Judging the appropriate balance should normally be considered in light of a viability statement. No such statement is submitted; so that it is not at all clear if even this harmful scheme, and this unwelcome proposed use, will be implemented.
The application should be refused, withdrawn or found invalid in order to correct these deficiencies in the application.

4. Change of use
Permission for change of use to residential should be refused for the following reasons:
  • Loss of the proposed social and community use. This change of use is contrary to policy. Such space is precious and rare, in high demand (where it is affordable), and unlikely to be re-provided elsewhere in the area. Lea Bridge is an area deficient in social and community space and many local groups and schools are actively seeking additional space.
  •  Failure to re-provide affordable workspace. The Paradise Park permission was amended to reduce the amount of B1 affordable workspace in order to permit the museum use. The use of the building should automatically revert B1 affordable space, should the Trusts’ proposals fall by the wayside. Policy seeks to protect employment uses and the Paradise Park development re-provided relatively little space in the first place.
  • Harm to the character of the building. The original use is most often the best use and this is most closely reflected in the Trust’s proposals. Squeezing two residential units into this small volume results in a diminution in the character of the property – particularly the horizontal subdivision of the main schoolroom.
This application for change of use should be judged against policy, either on the basis of loss of social and community use and/ or loss of affordable workspace. In either case, policy seeks to resist such loss, and the application should therefore be refused.
5. Museum proposals and the Trust
The Trust and their proposed museum plan has been allowed insufficient time to assemble their proposals and pursue Heritage Lottery Funding. Whilst the 12-month period offered by the developer has expired, in hindsight this was clearly too short and therefore unreasonable.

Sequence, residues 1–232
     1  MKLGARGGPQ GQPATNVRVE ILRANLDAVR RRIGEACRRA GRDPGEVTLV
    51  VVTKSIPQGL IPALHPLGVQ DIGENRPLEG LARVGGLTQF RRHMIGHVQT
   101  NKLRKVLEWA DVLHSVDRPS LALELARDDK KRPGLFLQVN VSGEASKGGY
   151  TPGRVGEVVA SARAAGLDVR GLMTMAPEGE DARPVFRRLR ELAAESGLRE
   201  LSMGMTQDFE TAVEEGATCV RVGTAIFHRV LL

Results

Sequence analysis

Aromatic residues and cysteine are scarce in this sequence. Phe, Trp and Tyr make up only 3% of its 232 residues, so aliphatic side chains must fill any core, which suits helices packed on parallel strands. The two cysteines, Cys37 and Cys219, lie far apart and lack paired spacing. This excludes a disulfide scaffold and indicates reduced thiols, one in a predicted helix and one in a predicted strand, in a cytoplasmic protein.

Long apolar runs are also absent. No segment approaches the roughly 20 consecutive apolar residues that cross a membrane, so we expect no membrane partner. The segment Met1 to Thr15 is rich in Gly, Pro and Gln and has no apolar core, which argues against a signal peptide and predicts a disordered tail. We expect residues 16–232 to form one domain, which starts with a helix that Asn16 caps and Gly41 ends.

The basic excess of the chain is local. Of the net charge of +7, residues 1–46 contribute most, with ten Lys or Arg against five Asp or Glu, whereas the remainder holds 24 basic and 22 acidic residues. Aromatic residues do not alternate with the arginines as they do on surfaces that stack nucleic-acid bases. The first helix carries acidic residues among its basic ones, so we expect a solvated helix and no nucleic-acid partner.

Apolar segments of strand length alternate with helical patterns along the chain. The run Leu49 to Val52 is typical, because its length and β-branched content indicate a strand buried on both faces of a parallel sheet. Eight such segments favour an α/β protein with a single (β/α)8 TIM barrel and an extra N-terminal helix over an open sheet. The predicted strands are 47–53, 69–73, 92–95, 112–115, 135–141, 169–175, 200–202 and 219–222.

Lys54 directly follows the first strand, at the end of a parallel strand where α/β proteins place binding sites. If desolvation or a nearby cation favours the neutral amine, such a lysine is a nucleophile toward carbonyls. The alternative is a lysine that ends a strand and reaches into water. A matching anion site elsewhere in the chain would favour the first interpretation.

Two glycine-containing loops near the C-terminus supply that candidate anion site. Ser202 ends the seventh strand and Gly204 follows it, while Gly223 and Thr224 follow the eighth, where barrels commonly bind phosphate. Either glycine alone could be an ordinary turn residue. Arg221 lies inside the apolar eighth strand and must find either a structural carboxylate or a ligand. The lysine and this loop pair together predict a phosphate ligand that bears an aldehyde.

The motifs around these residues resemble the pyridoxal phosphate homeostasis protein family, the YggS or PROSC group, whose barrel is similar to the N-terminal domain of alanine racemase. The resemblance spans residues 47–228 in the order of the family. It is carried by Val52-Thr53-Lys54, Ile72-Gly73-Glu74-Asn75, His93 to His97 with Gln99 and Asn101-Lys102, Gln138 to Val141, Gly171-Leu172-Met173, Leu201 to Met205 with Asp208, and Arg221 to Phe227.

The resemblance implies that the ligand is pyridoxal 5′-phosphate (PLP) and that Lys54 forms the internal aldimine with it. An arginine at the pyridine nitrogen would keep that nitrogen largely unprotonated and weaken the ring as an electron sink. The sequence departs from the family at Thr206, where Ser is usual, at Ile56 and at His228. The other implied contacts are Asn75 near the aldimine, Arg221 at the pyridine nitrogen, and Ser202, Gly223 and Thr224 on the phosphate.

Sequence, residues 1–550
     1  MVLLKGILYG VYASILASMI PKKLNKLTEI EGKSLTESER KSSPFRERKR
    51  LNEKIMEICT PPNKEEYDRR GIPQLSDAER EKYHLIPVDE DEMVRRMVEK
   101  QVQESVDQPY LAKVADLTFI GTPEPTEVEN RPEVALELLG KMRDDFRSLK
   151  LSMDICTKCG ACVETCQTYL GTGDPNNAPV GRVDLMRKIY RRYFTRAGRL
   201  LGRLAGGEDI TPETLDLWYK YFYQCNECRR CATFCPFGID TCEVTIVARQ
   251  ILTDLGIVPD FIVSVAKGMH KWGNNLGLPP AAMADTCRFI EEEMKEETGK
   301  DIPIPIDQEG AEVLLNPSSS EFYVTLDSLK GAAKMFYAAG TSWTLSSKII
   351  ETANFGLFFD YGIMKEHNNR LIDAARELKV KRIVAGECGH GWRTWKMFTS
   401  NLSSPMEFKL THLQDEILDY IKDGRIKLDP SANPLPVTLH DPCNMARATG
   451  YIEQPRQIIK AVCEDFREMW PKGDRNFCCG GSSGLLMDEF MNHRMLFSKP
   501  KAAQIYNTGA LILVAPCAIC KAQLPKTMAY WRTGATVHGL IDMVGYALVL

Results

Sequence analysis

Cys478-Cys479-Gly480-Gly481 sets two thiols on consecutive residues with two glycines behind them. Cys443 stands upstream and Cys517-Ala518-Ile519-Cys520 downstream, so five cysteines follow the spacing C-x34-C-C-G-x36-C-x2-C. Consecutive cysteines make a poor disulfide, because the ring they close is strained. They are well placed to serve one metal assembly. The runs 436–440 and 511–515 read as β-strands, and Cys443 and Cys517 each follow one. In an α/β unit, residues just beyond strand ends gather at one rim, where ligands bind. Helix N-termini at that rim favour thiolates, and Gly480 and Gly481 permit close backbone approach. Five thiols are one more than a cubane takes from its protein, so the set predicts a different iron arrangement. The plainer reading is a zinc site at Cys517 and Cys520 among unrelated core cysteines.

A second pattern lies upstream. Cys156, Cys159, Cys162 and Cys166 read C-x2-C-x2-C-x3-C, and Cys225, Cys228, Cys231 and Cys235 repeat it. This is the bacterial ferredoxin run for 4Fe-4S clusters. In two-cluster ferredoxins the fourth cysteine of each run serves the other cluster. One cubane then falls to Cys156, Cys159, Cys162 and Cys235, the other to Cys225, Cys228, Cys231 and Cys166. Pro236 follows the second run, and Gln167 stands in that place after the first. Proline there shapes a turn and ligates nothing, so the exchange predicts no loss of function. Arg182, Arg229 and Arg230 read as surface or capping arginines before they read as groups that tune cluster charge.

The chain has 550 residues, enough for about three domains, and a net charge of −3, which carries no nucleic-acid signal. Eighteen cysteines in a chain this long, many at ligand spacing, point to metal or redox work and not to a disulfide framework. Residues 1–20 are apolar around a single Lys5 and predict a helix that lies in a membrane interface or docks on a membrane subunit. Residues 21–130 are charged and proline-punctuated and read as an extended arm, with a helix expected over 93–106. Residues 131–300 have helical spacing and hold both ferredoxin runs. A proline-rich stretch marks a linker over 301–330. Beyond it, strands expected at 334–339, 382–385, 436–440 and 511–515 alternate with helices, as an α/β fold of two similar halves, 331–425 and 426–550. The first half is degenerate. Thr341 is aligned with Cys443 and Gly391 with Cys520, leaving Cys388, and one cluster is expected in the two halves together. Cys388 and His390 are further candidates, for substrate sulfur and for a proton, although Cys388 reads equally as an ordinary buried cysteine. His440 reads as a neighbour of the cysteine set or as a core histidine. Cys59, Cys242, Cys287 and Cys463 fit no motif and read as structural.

A further minimum period of at least 12 months should be offered to the Trust, in effect re-setting the clock.

The developer clearly believes the current situation is a ‘tabula rasa’, and an opportunity to bring forward fresh new proposals, unencumbered by previous permissions and undertakings to the Trust and to the Planning Authority.

If the developer chooses to follow this assertive route (and they in turn may be frustrated at lack of progress on the part of others), they should be asked to revert to the previous permission to provide affordable workspace as part and parcel of the consented Paradise Park Scheme.

It should be remembered that the consented scheme (in a protected employment area and a conservation area and the site of a historic dock) contained many compromises in terms of heritage and land use issues that were only accepted on balance and in the light of the other attributes of the scheme, including proposals for either affordable workspace or a museum.

6. Repairs notice
The submitted structural survey is limited by the fact that access to parts of the building is now unsafe. This is clear evidence that the state of the building has deteriorated significantly and that this process may be accelerating. It is clear also that a repairs notice should now be urgently considered, in order to arrest the decay and allow safe access for an accurate assessment of the building’s condition to be carried out.  This should be a pre-requisite for consideration of the current listed building consent application; so that the repairs notice can be considered a positive step towards determining the best scheme for the site, whichever scheme that proves to be.